Plus, it’s free. Snapchat won’t charge the organizations to access the data, therefore news outlets with existing subscriptions will see this as an added bonus. The effort comes at a time when news organizations are in constant (and dior) competition with social media outlets for audience attention: just one of the many reasons we’ve seen an ever-declining pool of reporters. The Daily News is a heartbreaking case and point.

Conceptually, social media platforms partnering with news organizations to provide information faster and more accurately is outstanding; but is Snapchat the best-suited venue?

Vested research social media Snapchat

We did a little bit of (brief) digging to take a pulse on how colleagues (made up primarily of Snapchat’s target demo of Millennials and Gen Zers) are using social media to consume news. The results? Facebook and Twitter still lead the pack.

When asked if they use social media in general to consume news, a resounding 90 percent of respondents said “yes.”

But when asked if they use Snapchat, specifically, to consume news, the number fell to 20 percent, and go-to news discovery channels included The Daily Mail, Cosmopolitan and People Magazine, with a few one-offs who said CNN and The Washington Post.

Though 20 percent of users said that they use Snapchat to consume news, only 2 said it was their most prominent social news source, indicating that it’s a supplemental resource. What were folks’ preferred social news sources? Forty percent said Twitter was their most prominent; 37 percent said Facebook was their most prominent; about 10 percent said LinkedIn was their most prominent; about 10 percent said Instagram was their most prominent.

Vested research social media Snapchat

Facebook may continue to give Snapchat a run for its money when it comes to news. The Zuckerberg-owned social media giant launched Watch, a hub for original, Facebook-specific videos spanning news and explanatory videos, food videos and miniseries.

For example, CNN’s Anderson Cooper will host “Anderson Cooper Full Circle” on the digital channel; Watch will also be home to Fox’s “Fox News Update” with Shepard Smith, and ABC’s “On Location.” Additionally, Univision will host a daily news brief with Jorge Ramos, spotlighting immigrants and relevant issues around the country. Even smaller news outlets, like ATTN, Mic, and Alabama’s will take up residence on Watch.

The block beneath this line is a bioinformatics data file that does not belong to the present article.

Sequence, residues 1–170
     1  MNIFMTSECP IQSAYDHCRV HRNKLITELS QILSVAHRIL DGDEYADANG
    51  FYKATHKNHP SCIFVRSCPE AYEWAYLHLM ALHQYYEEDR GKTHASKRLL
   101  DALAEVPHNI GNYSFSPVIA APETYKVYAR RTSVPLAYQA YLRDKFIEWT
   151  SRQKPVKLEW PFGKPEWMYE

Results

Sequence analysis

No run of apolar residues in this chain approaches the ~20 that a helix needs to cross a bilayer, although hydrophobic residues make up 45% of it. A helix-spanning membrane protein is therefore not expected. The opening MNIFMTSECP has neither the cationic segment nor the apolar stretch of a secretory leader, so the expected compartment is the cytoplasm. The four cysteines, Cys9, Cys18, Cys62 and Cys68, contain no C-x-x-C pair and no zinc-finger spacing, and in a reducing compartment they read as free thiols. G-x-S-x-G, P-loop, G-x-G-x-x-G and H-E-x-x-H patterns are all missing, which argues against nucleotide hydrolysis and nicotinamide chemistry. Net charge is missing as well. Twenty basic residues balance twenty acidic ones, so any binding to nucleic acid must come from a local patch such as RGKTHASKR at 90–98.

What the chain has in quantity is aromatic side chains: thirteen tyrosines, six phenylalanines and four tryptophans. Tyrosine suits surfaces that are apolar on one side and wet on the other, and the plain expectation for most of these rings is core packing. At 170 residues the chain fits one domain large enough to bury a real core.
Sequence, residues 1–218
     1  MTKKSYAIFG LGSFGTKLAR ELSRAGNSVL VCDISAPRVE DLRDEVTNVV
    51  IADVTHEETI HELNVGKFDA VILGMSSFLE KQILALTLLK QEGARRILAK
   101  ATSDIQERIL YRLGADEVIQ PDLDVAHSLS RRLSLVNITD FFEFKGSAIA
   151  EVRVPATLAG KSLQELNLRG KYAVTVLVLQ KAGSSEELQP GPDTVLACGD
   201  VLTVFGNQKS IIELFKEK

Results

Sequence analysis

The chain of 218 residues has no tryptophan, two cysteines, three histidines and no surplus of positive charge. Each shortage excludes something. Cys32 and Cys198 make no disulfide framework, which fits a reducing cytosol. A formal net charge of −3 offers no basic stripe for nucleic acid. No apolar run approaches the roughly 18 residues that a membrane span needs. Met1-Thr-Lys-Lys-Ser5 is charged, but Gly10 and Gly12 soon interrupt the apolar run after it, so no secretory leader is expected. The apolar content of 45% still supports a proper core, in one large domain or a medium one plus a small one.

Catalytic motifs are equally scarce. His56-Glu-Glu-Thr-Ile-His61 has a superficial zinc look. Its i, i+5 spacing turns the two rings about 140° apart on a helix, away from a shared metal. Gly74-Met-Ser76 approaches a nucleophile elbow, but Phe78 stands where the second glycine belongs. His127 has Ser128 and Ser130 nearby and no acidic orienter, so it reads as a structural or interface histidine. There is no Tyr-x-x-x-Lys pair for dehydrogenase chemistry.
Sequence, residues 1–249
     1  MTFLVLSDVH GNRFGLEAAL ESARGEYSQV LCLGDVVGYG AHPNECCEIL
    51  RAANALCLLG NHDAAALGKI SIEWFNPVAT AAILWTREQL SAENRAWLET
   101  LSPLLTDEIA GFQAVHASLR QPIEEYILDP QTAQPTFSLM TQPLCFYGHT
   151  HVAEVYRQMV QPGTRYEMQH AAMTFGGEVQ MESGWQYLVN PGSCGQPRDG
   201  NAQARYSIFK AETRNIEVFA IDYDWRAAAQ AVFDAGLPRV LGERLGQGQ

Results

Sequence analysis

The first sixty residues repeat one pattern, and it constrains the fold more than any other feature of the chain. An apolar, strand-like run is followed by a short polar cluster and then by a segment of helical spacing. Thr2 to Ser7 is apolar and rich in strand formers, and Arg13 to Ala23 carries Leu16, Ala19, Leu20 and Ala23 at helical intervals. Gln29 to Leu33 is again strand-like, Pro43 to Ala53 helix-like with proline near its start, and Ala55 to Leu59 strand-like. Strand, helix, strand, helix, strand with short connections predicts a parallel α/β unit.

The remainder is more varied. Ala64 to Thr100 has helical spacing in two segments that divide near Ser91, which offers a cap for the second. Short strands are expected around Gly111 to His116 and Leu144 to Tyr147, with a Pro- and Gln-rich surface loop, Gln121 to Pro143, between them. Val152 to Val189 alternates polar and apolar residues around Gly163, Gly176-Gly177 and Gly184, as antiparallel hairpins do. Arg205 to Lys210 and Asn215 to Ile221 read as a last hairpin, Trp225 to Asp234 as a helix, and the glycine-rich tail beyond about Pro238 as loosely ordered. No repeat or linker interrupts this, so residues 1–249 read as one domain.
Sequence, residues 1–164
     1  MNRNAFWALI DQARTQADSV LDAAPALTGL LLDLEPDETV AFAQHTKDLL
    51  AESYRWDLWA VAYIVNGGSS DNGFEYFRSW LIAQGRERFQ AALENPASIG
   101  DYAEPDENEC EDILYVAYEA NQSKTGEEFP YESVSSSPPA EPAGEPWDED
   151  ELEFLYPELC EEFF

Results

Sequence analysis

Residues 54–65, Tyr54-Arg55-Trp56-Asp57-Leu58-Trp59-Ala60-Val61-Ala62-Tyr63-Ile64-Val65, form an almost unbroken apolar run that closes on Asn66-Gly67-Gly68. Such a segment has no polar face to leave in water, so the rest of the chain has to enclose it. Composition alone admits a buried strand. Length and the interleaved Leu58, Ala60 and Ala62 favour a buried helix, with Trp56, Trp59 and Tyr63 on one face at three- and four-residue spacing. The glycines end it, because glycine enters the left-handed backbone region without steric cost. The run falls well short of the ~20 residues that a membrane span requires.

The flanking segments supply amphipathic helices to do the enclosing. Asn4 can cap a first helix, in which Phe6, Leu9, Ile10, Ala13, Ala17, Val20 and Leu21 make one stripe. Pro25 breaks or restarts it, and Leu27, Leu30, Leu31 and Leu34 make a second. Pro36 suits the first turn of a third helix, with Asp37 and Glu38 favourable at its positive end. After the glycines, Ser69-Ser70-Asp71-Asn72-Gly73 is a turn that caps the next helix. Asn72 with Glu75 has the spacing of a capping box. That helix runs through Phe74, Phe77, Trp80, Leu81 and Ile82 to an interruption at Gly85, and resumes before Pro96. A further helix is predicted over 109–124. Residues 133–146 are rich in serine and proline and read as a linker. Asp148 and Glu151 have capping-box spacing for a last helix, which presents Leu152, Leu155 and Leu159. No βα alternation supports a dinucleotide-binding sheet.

Instagram’s also stepping up its news game with the recent launch of IGTV, which could mean an even smaller market share for Snapchat. In an effort to reach younger audiences—likely the same demo Snapchat’s trying to reach—IGTV already has buy-in from BBC, Vice, The Economist, Vogue, Esquire and ITV News.

But still, Snapchat’s offering is slightly different than other social news partnerships we’re seeing crop up. While plenty of Millennials and Gen Zers aren’t using Snapchat for news currently, it’s possible the social outlet could fill a void specifically for journalists, rather than consumers. Only time will tell, but we’ll need more than 10 seconds to fully analyze how these partnerships play out and their influence in journalism going forward.

FIFA World Cup 2018: Social Cohesion or Smoke and Mirrors?

Football, or soccer to you heathens across the pond, is a game that has evolved to become much more than a sport. It is a lingua franca across continents that are divided by languages, cultures and religions. Boasting an excess of four billion fans across the planet, football is undeniably the world’s most popular sport and for many nations, the FIFA World Cup is the ultimate culmination of training, talent and effort. The quadrennial, month-long international football festival hails a powerful array of social, cultural, and economic impact for the host country. Heavily covered by swarms of media, it is a powerful geopolitical tool, investment attractor, and soft-power instrument. Regardless of the outcome, the World Cup provides host nations with a powerful platform to showcase country and culture.

This year, the World Cup is being held in Russia, where we’re seeing the friendly and hospitable face of a nation that has been criticised regarding a range of political disputes in past years. Russia is in the hot-seat to show its professionalism as host and President Vladimir Putin is set on presenting a polished portrayal of his homeland to the eyes of the world. As any nation would, Russia is heavily invested in providing fans with a generous and friendly experience. The experience visitors take away from Russia is lasting and can impact consumer and investor confidence for years to come, and establishing a strong nation brand is crucial.